Fun Punishments of Colonial America

Contributor: Brian Anthony. Lesson ID: 11973

We often cringe when we hear how given cultures punish criminals and "alleged" criminals. Maybe, we don't like how our parents discipline us. Study the history of punishment and decide what's "right"!

categories

United States

subject
History
learning style
Visual
personality style
Otter, Golden Retriever
Grade Level
Middle School (6-8), High School (9-12)
Lesson Type
Dig Deeper

Lesson Plan - Get It!

Audio:

Do these punishments look cruel and unusual to you?

historical punishments

Images by Frank Hazenplug from "Curious Punishments of Bygone Days," via Wikimedia Commons, are in the public domain.

Nowadays, the government only has a limited range of punishments it can apply for crimes committed.

There are many different fines, for example, from a simple parking ticket up to very severe fines for tax evasion and other crimes. Jail time is one of the common punishments. Many states allow the death penalty for the most serious crimes of all, usually involving murder. Even in that most serious class of crimes, judges can't choose whatever punishment they want; there is a limited range of possible methods of execution, with lethal injection being by far the most common one today.

It wasn't always this way in America. In fact, prior to the writing of the Bill of Rights, colonies and local governments took great liberty with the kinds of punishments they dealt and the crimes for which they dealt them.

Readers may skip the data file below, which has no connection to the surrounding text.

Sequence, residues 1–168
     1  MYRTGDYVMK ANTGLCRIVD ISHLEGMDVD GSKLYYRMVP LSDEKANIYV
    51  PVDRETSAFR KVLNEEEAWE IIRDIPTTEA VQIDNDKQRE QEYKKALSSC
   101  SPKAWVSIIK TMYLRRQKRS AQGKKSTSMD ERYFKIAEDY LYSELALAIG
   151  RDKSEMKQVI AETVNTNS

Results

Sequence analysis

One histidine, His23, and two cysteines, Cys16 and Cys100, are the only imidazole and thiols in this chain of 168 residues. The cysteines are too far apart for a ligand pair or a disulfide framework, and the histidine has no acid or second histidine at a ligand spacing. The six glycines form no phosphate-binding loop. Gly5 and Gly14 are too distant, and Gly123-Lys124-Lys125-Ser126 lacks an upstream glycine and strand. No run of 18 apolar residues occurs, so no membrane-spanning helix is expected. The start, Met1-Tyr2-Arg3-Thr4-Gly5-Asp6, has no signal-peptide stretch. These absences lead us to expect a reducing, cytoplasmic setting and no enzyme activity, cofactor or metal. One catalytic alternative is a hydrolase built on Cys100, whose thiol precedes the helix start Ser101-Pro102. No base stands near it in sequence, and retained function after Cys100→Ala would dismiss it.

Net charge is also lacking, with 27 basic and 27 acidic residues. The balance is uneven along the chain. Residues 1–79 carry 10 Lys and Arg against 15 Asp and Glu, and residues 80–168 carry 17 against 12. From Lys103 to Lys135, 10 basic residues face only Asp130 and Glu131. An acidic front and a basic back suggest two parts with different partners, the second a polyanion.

The Eighth Amendment, the portion of the Bill of Rights that limits the kinds of punishment available to the government, is short and sweet: "Excessive bail shall not be required, nor excessive fines imposed, nor cruel and unusual punishments inflicted."

How do we know when a certain form of punishment is cruel and unusual, and why was it necessary to add this to the Bill of Rights to begin with? Let's learn more about the Eighth Amendment and its background.

  1. Read The Meaning of "Cruel and Unusual Punishment", by Micah Schwartzbach, courtesy of Nolo, about the Eighth Amendment. As you read, write down answers to the following:
  • To what kinds of practices was the Eighth Amendment a response?
  • What was an earlier law used as a model for the Eighth Amendment?
  • What are two different possible ways to interpret the Eight Amendment today?
  1. Share your discoveries with your parent or teacher and discuss the following questions:
  • What should be the purpose of punishment: preventing others from committing crimes, getting revenge on criminals for their misdeeds, meting out justice, or reforming criminals' behavior so they can re-join society? Why?
  • Should the government be allowed to impose whatever punishment it wants on criminals? Why or why not?
  • How do you think the interpretation of cruel and unusual punishment has evolved over time?

As it turns out, the Founding Fathers had a good reason to include the Eighth Amendment in the Bill of Rights: they had a clear memory of the not-so-distant colonial past.

In the Got It? section, research some of the creative and frightening ways some of the early colonists punished law-breakers.

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